The latest generation aircraft such as the Boeing 787, Airbus A350 XWB and Bombardier CSeries feature systems that measure the performance of the aircraft at every stage of the flight. The aircraft health monitoring system (AHM) provides data often in real-time illuminating how the aircraft is performing - including whether there are any issues that need to be rectified immediately.

While approximately 4 per cent of the world's active fleet of aircraft is e-enabled today, ICF forecasts that approximately 47 per cent of the fleet (over 18,000 aircraft) will be e-enabled by 2027. As the connected fleet grows and service offerings mature, ICF sees operator maintenance increasingly benefitting from advanced big data analytics. The heart of the debate centres on the form the analytics takes, who performs the analysis and who owns the data. The arrival of highly connected aircraft allows for the measurement, storage and transmission in-flight of more data from aircraft engines, airframes and systems than ever before.

The benefits offered by aircraft health monitoring are varied. ICF expects the majority of savings to come from improvements in dispatch reliability, reductions in parts inventory and better pre-and post-flight departure maintenance troubleshooting. The potential is for at least US$3 billion plus in industry wide savings. In fact, the benefits are only just starting to be understood.

To fully achieve the potential benefits that AHM offers, operators will need to go beyond just monitoring the aircraft and predicting when parts will fail. Maintenance will need to be further integrated into an airline's operation. If AHM can predict when a part will fail, the airline's scheduling department needs to be able to efficiently utilise this information to minimise disruption to the operation.

Information from aircraft health monitoring systems should enable airlines to make better-informed decisions such as whether to cancel or delay a flight or substitute another aircraft instead and of course perform the proactive maintenance. Health monitoring provides airlines with valuable time to make better decisions. Consequently, the industry is moving towards a prescriptive maintenance principle where data analytics works to prescribe maintenance activities based on the best outcome. The aim: to turn an unscheduled and unexpected event into one that can be scheduled around the normal airline operation.

For prescriptive maintenance to work optimally, though, OEMs and regulators need to continue to evolve current maintenance practices. For instance, even if a system monitors oil levels and pressures during every part of the flight, the maintenance manual may still require a mechanic to visually inspect the oil level. The reduction of such activities through AHM will enable airlines to reap the benefit of quicker aircraft turnarounds and the reduction of some labour intensive activities.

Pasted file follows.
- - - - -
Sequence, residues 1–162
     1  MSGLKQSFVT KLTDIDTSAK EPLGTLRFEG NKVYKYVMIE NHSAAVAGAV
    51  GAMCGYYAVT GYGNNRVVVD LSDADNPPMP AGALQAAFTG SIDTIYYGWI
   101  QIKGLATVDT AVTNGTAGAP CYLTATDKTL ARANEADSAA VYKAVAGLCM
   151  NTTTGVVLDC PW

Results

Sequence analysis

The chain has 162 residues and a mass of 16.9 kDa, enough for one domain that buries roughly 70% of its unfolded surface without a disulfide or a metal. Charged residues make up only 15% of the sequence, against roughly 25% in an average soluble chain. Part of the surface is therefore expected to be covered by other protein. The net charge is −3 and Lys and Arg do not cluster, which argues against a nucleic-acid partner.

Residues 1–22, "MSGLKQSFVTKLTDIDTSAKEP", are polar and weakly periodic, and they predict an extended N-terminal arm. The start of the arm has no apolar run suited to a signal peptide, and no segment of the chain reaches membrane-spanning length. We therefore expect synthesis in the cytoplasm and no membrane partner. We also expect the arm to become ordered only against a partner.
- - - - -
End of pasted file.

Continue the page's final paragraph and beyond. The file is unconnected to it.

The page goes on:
It won't be long before the increasing amount of data that can be used to optimise an airline's operations will become too much for humans to handle. Rapid advances in Artificial Intelligence (AI) will unlock a future in which an AI will assist humans with how to run an airline in the best possible way. The main benefactors: people.

Key supplier considerations

E-enablement is arriving now. AHM capabilities are advancing and the benefits are being better understood. Suppliers are preparing for the implications that AHM will have on their business bottom lines. Engine OEMs are well aware of the benefits of increased time-on-wing which drive increased profits given that many of their engines are on maintenance programmes. System OEMs offering their own maintenance solutions can also drive reliability improvements into their products by better understanding how rotables perform in-flight. AHM offers the chance to reduce frustrating and unnecessary line removal of components.

Yet, there's still more work needs to be done. For instance, antiquated airline IT systems need to be improved to take advantage of what is being offered and the benefits to the end-user more clearly communicated. It is necessary to further consider how AHM is likely to influence your business and the role you will play as the market evolves. The time to act is now.

  • The writer is principal at ICF.